Olympics: Putin not Obama the example of how to woo IOC

The leaders of Japan, Spain and Turkey leave the G20 Summit in Russia to back their cities' bids for the 2020 Summer Olympics, ahead of the final decision Saturday.

They would do well to heed the lessons of two of their fellow leaders.

Russian President Vladimir Putin and his American counterpart Barack Obama had contrasting experiences in their campaigns.

Putin's campaign to win the 2014 Winter Games for Sochi was a spectacular success. Obama's efforts to bring the 2016 Summer Games to Chicago, anything but.

The 100+ International Olympic Committee (IOC) members melted as Putin put up a scene stealing performance at the final presentation in Guatemala City in 2007.

He stunned everyone as he spoke in perfect English, a language most people thought he could not speak.

Sochi prevailed in a shock win over South Korean favourite Pyeongchang.

"Putin being here was very important," Jean-Claude Killy, a French IOC member and one of the main organisers behind the 1992 Winter Games in Albertville, said after the vote.

"He was charm personified. He spoke two languages he never speaks usually, French and English. The Putin charisma turned four votes for Pyeongchang into four for Sochi."

Obama was thought to be the final ace in the pack of his adopted home city of Chicago as he flew in on the day of the vote in Copenhagen in 2009.

Howeverm, while he received a respectful welcome, his powerful oratory and charisma failed to win over the members and less than a year after his becoming the first black president he suffered his first defeat.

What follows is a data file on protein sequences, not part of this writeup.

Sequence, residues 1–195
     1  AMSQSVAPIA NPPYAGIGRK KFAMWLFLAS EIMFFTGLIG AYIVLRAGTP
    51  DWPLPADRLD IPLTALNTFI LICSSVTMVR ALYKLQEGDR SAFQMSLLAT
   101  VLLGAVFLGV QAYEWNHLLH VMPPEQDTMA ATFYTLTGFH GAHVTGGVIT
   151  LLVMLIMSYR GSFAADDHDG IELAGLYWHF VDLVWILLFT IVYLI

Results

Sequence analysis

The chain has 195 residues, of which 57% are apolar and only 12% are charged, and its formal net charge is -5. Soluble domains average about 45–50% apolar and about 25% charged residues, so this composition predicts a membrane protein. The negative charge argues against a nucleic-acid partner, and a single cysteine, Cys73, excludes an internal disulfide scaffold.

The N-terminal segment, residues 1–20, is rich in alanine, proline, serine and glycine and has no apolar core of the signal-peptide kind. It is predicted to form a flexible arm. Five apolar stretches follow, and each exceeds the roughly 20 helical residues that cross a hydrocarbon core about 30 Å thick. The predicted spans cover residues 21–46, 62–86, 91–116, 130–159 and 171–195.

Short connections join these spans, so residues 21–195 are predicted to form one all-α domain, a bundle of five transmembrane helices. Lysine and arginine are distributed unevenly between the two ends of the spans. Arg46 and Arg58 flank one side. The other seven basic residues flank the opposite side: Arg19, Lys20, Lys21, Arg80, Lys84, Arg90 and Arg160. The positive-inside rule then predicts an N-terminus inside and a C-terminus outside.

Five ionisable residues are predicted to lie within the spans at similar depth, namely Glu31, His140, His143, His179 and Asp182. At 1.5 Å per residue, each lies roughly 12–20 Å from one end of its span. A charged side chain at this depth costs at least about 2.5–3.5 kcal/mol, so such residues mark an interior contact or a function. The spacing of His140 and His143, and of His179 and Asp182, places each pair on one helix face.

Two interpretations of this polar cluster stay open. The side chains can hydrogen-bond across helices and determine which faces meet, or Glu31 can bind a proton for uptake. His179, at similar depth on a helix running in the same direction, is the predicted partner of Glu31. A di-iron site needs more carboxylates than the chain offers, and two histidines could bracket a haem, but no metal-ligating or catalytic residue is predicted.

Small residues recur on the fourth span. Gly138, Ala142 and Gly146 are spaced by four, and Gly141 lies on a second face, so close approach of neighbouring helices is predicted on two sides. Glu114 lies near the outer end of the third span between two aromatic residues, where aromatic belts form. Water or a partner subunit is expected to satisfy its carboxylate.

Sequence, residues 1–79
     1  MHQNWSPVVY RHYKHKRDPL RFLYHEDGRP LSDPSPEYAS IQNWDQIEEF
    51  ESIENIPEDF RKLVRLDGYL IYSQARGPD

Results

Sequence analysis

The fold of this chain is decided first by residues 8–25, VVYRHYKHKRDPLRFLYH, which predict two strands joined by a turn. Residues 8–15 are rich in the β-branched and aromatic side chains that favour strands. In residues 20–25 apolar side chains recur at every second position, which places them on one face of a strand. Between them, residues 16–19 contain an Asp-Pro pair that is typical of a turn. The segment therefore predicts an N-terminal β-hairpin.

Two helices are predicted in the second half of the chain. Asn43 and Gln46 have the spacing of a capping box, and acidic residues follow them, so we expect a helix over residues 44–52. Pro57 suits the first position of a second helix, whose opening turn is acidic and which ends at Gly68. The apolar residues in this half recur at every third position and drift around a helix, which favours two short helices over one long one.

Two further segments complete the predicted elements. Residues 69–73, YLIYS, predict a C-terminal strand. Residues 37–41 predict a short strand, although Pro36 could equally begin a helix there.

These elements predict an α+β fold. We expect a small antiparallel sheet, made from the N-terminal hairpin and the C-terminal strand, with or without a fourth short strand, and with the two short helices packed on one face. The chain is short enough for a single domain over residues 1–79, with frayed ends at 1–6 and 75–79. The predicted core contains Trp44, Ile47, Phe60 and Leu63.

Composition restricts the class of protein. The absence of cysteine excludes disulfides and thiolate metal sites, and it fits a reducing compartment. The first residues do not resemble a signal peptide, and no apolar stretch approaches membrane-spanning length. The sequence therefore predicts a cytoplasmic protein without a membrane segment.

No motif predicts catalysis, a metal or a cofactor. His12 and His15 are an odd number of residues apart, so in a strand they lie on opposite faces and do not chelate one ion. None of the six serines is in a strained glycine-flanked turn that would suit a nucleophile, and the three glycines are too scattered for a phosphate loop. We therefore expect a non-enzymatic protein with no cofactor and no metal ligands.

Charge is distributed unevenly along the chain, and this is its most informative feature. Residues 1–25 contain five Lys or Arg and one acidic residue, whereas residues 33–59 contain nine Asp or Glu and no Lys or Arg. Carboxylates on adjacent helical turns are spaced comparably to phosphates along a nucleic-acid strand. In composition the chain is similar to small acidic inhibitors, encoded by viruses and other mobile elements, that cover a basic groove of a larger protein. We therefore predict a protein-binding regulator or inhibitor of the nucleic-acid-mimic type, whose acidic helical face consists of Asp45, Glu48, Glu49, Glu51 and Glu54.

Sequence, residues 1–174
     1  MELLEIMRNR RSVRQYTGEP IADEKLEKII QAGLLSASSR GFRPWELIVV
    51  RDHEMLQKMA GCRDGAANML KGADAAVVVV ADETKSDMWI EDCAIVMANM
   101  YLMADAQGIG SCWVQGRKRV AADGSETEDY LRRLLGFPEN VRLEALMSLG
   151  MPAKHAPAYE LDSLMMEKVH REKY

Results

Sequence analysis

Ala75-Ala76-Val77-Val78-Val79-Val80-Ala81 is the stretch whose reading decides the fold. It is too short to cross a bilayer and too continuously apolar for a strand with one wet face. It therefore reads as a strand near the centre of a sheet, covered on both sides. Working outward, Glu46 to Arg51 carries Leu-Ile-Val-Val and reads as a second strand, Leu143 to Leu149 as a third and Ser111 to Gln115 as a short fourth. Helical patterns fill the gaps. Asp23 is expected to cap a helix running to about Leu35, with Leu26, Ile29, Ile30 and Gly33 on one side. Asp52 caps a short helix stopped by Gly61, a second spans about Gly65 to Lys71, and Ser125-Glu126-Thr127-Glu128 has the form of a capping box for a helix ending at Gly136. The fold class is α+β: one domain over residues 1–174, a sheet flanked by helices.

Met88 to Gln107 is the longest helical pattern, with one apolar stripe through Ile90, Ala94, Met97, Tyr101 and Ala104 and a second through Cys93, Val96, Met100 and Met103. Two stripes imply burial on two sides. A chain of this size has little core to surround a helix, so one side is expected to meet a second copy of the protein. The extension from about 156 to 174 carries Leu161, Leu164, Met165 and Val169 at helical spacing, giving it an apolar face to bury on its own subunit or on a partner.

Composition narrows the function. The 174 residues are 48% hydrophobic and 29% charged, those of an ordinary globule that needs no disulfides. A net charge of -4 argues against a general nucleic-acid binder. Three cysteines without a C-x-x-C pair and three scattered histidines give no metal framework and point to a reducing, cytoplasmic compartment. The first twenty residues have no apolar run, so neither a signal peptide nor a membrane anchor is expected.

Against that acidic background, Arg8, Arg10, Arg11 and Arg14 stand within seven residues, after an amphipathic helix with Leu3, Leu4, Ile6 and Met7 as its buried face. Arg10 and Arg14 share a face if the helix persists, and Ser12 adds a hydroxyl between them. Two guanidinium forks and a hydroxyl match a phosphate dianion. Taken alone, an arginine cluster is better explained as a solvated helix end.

It was not just a defeat. It was a humiliation for at just about the time he was boarding Air Force One, after departing before voting began, Chicago were stunningly voted out in the first round.

Part of the reason for this reverse boiled down to the most basic of reasons for several IOC members.

"We knew we were in trouble when IOC members came up to us before the day of the vote and grumbled that did he have to really come as because of extra security measures they had to get up earlier," one member of the bid team told AFP.

"Unbelievable! The most powerful man in the world is coming to plead the case for Chicago to the IOC and they complain that they have to get up earlier becaue of that."

For Putin and Obama read then British Prime Minister Tony Blair and French President Jacques Chirac for the battle to win the hosting of the 2012 Olympics as the two old historical rivals Britain and France battled it out in the form of London and Paris with the latter the frontrunners for most of the race.

However, as the French began to idle in front sensing victory was theirs the never say die attitude of the London campaign - the British fighting spirit as some IOC members put it - plugged away.

Blair added the crucial finishing touches as he arrived early in the week leading up to the vote and wooed the IOC members meeting them one on one in his hotel suite.

"Blair was magnetic, he looked you in the eye and you really believed that you were the most important person in his life," one IOC member said.

"It was an outstanding performance and I would have sold my wife to him if he had asked me to at the time."

Chirac by contrast, a man like Blair who didn't lack in charisma nor the common touch, had already upset the Finnish IOC members by being caught on microphone ridiculing their cuisine.

To make matters worse he had added: "the only thing the British have done for Europe's agriculture is mad cow disease."

He rounded off probably his worst ever campaign by adopting a regal attitude when he arrived in Singapore where the vote took place seemingly awaiting a coronation -- the rudest of shocks awaited him as London won 54 votes to 50 in the final round.

Thus on Saturday when Japanese Prime Minister Shinzo Abe speaks on behalf of Tokyo, his Turkish counterpart Recep Tayip Erdogan for Istanbul and Spanish premier Mariano Rajoy for Madrid they will do well to recall the pitfalls that can await even experienced politicians when they go before the IOC electorate.